Kodak F-5 Fixer; Kodak Hypo Clearing Agent; Kodak Poly-Toner; Kodak Rapid Selenium Toner
Local photographic stores
3500 Eglinton Avenue West
Toronto ON M6M 1V3
telephone: 416-766-8233 or 1-800-465-6325
Adams, Ansel. The Negative. Boston: Little, Brown, and Company, .
Adams, Ansel. The Print. Boston: Little, Brown, and Company, .
Crabtree, J.I., G.T. Eaton, and L.E. Muehler. "Fixing and Washing for Permanence." Photographic Society of America Journal 9, 3 (), pp. 115–123; 9, 4 (), pp. 162–170, 192.
Crabtree, J.I., R.W. Henn, and R.F. Edgerton. "Two-Bath Fixation of Prints." Photographic Society of America Journal 19B (), pp. 10–16.
Crawley, G. "Ilfospeed System." British Journal of Photography 39 (), pp. 849–851.
Drago, F.J., and W.E. Lee. "Review of the Effects of Processing on the Image Stability of Black-and-White Silver Materials." Journal of Imaging Technology 12, 1 (), pp. 57–65.
Drago, F.J., and W.E. Lee. "Stability and Restoration of Images on KODAK Professional B/W Duplicating Film/4168." Journal of Imaging Technology 10, 3 (), pp. 113–118.
Eastman Kodak Company. Copying and Duplicating in Black-and-White and Color. Kodak Publication M-1. Rochester, NY: Eastman Kodak Company, .
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Eastman Kodak Company. Processing Chemicals and Formulas for Black-and-White Photography. Kodak Publication J-1. Rochester, NY: Eastman Kodak Company, .
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Eaton, G.T. "Preservation, Deterioration, Restoration of Photographic Images." The Library Quarterly 40, 1 (), pp. 85–99.
Formstecher, F. "Zur Geschichte und Theorie der Selentonung" ["The History and Theory of Selenium Toning"]. Photographische Industrie 34 (), pp. 1014–1018.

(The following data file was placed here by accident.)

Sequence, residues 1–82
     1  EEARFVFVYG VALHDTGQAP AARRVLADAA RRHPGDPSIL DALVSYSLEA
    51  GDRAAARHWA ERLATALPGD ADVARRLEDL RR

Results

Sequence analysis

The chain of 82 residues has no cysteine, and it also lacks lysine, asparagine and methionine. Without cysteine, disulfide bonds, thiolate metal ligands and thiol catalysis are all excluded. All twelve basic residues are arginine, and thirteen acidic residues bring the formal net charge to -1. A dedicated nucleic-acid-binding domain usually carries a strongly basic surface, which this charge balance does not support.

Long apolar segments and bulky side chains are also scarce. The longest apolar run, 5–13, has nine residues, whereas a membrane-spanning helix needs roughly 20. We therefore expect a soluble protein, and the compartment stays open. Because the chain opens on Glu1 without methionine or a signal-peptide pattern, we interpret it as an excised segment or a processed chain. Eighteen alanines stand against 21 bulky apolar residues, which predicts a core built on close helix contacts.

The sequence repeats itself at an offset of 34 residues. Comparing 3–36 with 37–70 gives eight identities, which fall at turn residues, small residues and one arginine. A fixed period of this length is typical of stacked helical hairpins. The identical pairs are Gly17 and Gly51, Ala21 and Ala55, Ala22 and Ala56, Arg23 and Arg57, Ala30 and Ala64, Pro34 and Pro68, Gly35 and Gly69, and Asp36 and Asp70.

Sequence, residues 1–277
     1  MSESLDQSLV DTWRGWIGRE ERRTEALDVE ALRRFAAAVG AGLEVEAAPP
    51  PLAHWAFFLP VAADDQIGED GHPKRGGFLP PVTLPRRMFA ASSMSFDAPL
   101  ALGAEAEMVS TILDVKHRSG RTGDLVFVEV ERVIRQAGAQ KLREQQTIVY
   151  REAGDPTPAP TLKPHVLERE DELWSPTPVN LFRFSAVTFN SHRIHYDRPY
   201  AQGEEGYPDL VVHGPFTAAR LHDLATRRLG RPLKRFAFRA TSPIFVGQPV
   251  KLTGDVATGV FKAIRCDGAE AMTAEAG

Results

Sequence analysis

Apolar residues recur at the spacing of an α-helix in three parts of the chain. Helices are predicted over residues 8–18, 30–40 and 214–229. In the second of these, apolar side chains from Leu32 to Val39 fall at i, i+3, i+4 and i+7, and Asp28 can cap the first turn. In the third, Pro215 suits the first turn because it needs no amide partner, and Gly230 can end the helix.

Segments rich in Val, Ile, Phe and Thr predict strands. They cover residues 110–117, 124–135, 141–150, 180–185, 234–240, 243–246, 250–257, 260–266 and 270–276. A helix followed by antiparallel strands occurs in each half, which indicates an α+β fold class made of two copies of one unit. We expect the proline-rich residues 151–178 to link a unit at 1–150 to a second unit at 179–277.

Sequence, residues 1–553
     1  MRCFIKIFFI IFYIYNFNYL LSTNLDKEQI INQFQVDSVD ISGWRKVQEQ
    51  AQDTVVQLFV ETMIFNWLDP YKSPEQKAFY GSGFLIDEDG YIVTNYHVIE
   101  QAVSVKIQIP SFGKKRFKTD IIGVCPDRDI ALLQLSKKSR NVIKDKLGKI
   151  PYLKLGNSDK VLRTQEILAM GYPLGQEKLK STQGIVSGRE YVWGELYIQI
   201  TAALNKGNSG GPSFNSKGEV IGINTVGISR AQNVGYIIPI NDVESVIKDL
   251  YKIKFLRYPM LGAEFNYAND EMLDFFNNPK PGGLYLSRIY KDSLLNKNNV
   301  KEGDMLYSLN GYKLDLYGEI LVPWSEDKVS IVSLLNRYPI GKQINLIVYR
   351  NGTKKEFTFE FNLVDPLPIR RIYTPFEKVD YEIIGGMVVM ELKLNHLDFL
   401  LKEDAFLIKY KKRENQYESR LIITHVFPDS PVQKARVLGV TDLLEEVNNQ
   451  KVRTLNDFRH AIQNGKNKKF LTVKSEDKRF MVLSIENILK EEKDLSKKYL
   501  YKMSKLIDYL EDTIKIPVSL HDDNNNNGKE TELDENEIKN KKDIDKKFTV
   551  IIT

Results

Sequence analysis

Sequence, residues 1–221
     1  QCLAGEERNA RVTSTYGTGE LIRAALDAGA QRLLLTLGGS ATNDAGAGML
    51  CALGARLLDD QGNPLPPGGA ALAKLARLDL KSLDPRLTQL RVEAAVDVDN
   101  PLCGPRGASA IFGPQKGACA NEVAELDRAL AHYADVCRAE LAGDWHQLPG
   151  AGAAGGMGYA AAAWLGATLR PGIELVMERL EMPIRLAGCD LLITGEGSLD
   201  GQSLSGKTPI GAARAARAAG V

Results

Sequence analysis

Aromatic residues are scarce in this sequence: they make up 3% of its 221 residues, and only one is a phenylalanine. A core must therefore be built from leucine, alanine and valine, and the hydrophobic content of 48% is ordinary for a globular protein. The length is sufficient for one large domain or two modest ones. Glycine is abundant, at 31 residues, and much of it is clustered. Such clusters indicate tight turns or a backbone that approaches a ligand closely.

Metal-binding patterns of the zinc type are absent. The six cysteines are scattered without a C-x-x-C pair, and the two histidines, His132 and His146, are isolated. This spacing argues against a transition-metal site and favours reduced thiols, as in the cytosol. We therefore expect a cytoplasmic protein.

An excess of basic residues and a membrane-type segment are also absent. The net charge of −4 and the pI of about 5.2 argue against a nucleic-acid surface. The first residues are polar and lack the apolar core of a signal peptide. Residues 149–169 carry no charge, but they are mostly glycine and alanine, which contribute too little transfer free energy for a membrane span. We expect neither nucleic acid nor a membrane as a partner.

Hendriks, K.B. "Archival Processing: How to Make a Lasting Impression on History." Canadian Photography 7, 12 (), pp. 22–25, 32.
Hendriks, K.B., B. Thurgood, J. Iraci, B. Lesser, and G. Hill. Fundamentals of Photograph Conservation: A Study Guide. Toronto, ON: Lugus Publications, .
International Organization for Standardization. ISO 18917:1999. Photography — Determination of Residual Thiosulfate and Other Related Chemicals in Processed Photographic Materials — Methods Using Iodine-Amylose, Methylene Blue and Silver Sulfide. Geneva, Switzerland: International Organization for Standardization, .
Lavédrine, B., J.-P. Gandolfo, and S. Monod. A Guide to the Preventive Conservation of Photograph Collections. Los Angeles, CA: Getty Conservation Institute, .
Lee, W.E., F.J. Drago, and A.T. Ram. "New Procedures for Processing and Storage of KODAK Spectroscopic Plates, Type IIIa-j." Journal of Imaging Technology 10, 1 (), pp. 22–28.
Lee, W.E., B. Wood, and F.J. Drago. "Toner Treatments for Photographic Images to Enhance Image Stability." Journal of Imaging Technology 10, 3 (), pp. 119–126.
Lumière, A., L. Lumière, and A. Seyewetz. "The Time of Fixing of Development Papers." British Journal of Photography (), pp. 108–109.
Mason, L.F.A., M.H. Gent, and R.R. Parsons. "Processing Black-and-White Prints on Paper Base for Permanence." Journal of Applied Photographic Engineering 7, 2 (), pp. 64–66.
by Klaus B. Hendriks
revised by Joe Iraci
Copies are also available in French.
Texte également publié en version française.
© Minister of Public Works and Government Services Canada,
Cat. Nº NM95-57/16-6-2007E
Printed in Canada